Apollo’s ‘Ella 100’ Concert Celebrates First Lady of Song


Kevin Spacey (left), Andra Day, Lizz Wright, Patti Austin and David Alan Grier perform at the ApolloTheater in New York on Oct. 24.

(Photo: Courtesy Apollo Theater)

It was more than 80 years ago, on Nov. 21, 1934, that a 17-year-old singer named Ella Fitzgerald stepped onto the stage of the Apollo Theater, sang a song and, after three encores, took first prize in the legendary concert hall’s famed Amateur Night, launching an extraordinary career that would span decades.

So it was more than fitting that, in anticipation of the 2017 centennial of her birth, the singer who would come to be known as “The First Lady Of Song” should be feted in the place that first gave her a shot.

This spectacular show, titled 100: The Apollo Celebrates Ella!, was hosted by Patti Austin with David Alan Grier, and featured four of today’s finest female vocalists—Andra Day, Lizz Wright, Cassandra Wilson and Monica Mancini—plus the Howard University vocal jazz ensemble Afro Blue and the actor Kevin Spacey.

With musical accompaniment provided by The Legendary Count Basie Orchestra, directed by Scotty Barnhart, and The Quartet—pianist Shelly Berg, guitarist Brian Nova, bassist Nathan East and drummer Greg Field—the program offered an evening of music worthy of Lady Ella herself.

The ambitious program began with curtains closed and an off-stage announcement reenacting the famed November 1934 introduction of the teenaged Fitzgerald to the Apollo audience.

The curtain was drawn, dramatically revealing the Basie band and string section stretched expansively across the stage. The young Afro Blue vocalist Ayodele Owolabi, in period dress as the young Ella, scampered out onto the bandstand to sing Hoagy Carmichael’s “Judy.”

First feigning nervousness on the song’s verses, she quickly conveyed confidence on the chorus, assertively rendering the lyrics as the band began to swing the melody. And so, the show was off to a rousing start.

Austin came on to the stage, proudly telling of her own Apollo debut, humorously recounting the story of sitting in as a 4-year-old with her godmother Dinah Washington’s band.

It was all serious business after that, as Austin—whose 2002 album For Ella earned a Grammy nomination—authoritatively delivered hard-swinging renditions of “A Tisket, A Tasket” and “When I Get High,” before closing with a prayerful reading of “Miss Otis Regrets,” after which she gazed upwardly, to blow Ella a heartfelt kiss.

Grier stepped out front to sing Duke Ellington’s “Do Nothin’ Till You Hear From Me” with the Basie band backing. Barnhart played sweet obbligati on trumpet as Grier, best known for his comedic career, persuasively sang the iconic Bob Russell lyric.

Noting that the Basie organization was celebrating its 80th anniversary, he invited the band to step into the spotlight and play a swinging instrumental, Frank Foster’s “Back In The Apple.” The rendition featured impressive statements from trumpeter Kris Johnson, tenor saxophonist Doug Lawrence and pianist Reggie Thomas.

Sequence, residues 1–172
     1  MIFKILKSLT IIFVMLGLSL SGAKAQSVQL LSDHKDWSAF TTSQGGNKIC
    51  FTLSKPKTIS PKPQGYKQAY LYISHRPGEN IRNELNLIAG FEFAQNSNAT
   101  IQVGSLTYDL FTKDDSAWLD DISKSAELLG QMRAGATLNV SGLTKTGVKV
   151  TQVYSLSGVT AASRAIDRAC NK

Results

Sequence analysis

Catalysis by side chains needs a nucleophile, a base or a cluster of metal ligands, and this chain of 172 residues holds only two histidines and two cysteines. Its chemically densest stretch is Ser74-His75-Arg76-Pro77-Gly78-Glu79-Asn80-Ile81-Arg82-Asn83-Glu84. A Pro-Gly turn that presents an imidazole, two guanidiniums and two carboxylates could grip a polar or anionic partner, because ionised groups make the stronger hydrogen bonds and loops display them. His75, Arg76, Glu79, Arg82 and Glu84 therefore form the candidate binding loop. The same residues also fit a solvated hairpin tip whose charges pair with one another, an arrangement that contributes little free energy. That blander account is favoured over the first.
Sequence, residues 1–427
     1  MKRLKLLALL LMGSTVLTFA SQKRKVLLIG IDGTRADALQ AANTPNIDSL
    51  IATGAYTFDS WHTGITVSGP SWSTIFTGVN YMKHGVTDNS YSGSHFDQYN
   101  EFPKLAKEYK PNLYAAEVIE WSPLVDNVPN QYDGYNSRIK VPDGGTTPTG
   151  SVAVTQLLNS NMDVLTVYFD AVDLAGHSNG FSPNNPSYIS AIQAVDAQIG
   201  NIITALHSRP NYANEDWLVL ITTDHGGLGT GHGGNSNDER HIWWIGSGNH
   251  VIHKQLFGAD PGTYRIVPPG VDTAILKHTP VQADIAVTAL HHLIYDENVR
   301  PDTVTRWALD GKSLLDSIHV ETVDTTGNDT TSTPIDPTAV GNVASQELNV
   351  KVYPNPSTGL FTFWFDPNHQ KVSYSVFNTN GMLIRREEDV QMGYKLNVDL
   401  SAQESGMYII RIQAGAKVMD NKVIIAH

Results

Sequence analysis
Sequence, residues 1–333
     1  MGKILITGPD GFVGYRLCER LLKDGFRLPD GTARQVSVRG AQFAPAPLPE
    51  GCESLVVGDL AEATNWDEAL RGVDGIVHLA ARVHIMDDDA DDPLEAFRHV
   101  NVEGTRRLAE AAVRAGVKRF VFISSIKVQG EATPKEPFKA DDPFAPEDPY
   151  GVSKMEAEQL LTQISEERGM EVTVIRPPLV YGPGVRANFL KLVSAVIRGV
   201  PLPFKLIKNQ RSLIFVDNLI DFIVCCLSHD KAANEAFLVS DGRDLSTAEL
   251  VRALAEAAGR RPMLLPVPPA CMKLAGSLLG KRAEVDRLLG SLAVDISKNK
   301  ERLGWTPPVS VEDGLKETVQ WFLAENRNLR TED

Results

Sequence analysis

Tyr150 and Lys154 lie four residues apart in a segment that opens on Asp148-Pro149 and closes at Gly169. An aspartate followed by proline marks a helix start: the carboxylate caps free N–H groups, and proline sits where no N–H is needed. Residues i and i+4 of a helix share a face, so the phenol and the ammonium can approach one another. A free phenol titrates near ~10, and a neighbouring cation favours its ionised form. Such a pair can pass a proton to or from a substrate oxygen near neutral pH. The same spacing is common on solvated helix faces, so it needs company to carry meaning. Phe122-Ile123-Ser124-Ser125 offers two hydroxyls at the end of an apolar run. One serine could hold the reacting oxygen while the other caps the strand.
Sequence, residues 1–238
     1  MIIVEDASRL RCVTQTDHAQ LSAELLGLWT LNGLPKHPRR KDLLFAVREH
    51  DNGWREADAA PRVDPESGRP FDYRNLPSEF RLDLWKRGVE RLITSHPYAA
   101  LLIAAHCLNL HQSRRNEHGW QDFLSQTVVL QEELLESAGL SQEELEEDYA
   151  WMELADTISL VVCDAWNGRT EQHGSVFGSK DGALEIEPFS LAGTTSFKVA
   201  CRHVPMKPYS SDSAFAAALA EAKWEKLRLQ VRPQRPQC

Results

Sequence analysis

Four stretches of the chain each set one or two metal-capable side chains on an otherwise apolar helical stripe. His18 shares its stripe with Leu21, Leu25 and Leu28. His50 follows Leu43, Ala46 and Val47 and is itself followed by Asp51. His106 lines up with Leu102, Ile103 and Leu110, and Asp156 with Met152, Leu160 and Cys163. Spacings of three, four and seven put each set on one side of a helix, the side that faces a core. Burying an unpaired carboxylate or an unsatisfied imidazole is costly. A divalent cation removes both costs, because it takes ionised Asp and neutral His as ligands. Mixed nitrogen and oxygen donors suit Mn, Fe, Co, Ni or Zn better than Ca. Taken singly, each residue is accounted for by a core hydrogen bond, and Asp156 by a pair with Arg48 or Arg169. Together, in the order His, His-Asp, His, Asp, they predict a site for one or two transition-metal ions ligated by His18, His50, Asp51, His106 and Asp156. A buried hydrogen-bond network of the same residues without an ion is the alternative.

The first half of the show closed out with Afro Blue singing deftly harmonized arrangements of the Fitzgerald signature songs “Lady Be Good” and “How High The Moon.”

The second segment of the show kicked off with The Quartet center stage to re-create the sound of Fitzgerald’s small groups featuring guitarist Joe Pass (1929–’94).

With Mancini out front, the group played Berg’s arrangement of “Give Me The Simple Life,” followed by an intimate duo recital of “Once In A While” by Mancini and guitarist Nova. The singer, daughter of famed composer Henry Mancini, shared an anecdote about meeting Fitzgerald. Reminiscing on the time Ella visited her family’s California home, Mancini recalled that she was amazed a person of such humility was indeed a world-renowned artist.

Austin next introduced a resplendent Wright as a “vocal angel” to the cheering crowd. Taking no time to bask in the audience’s thunderous approval, the celebrated singer dove right into a version of Ellington’s “Love You Madly” that featured solos by Berg, Nova and East.

Praising Fitzgerald as a “musician, woman, humanitarian and singer … without question one of the greatest of all time,” Wright recalled a memory of being in a crowded airport terminal in which a recording of Ella’s music provided “comfort and warmth” to all those around.

Opening “Nearness Of You” unaccompanied, Wright’s timbre provided much the same to the hushed room, her heavenly voice buoyed by the string section’s accompaniment.

After the Basie Orchestra’s sparkling performance of “April In Paris,” Austin and Grier sang a tribute to Ella and Louis Armstrong’s Porgy And Bess collaboration with a medley of “There’s A Boat Dat’s Leavin’ Soon For New York” and “I Loves You, Porgy,” backed by the Basie Orchestra and strings.

Spacey and Day paid tribute to the Fitzgerald-Sinatra partnership with a rousing version of “The Lady Is A Tramp” followed by Spacey stepping into the solo spotlight, singing and dancing on “Without A Song.”

On her deeply personal interpretation of Fats Waller’s “Ain’t Misbehavin’,” Day began sounding much like Billie Holiday, lingering on the lyric with a throaty melisma, before stretching out in swinging fashion à la Ella.

Wilson finished up singing “Blues In The Night” and “Cry Me A River” with typically emotional depth, intermittently channeling Fitzgerald’s tonality and phrasing into her distinctively original vocalizing, before the whole cast joined in with Austin and Grier for a grand finale of “You’ll Have To Swing It (Mr. Paganini),” followed by spontaneous singing of “Happy Birthday,” Stevie Wonder-style, by the entire room.

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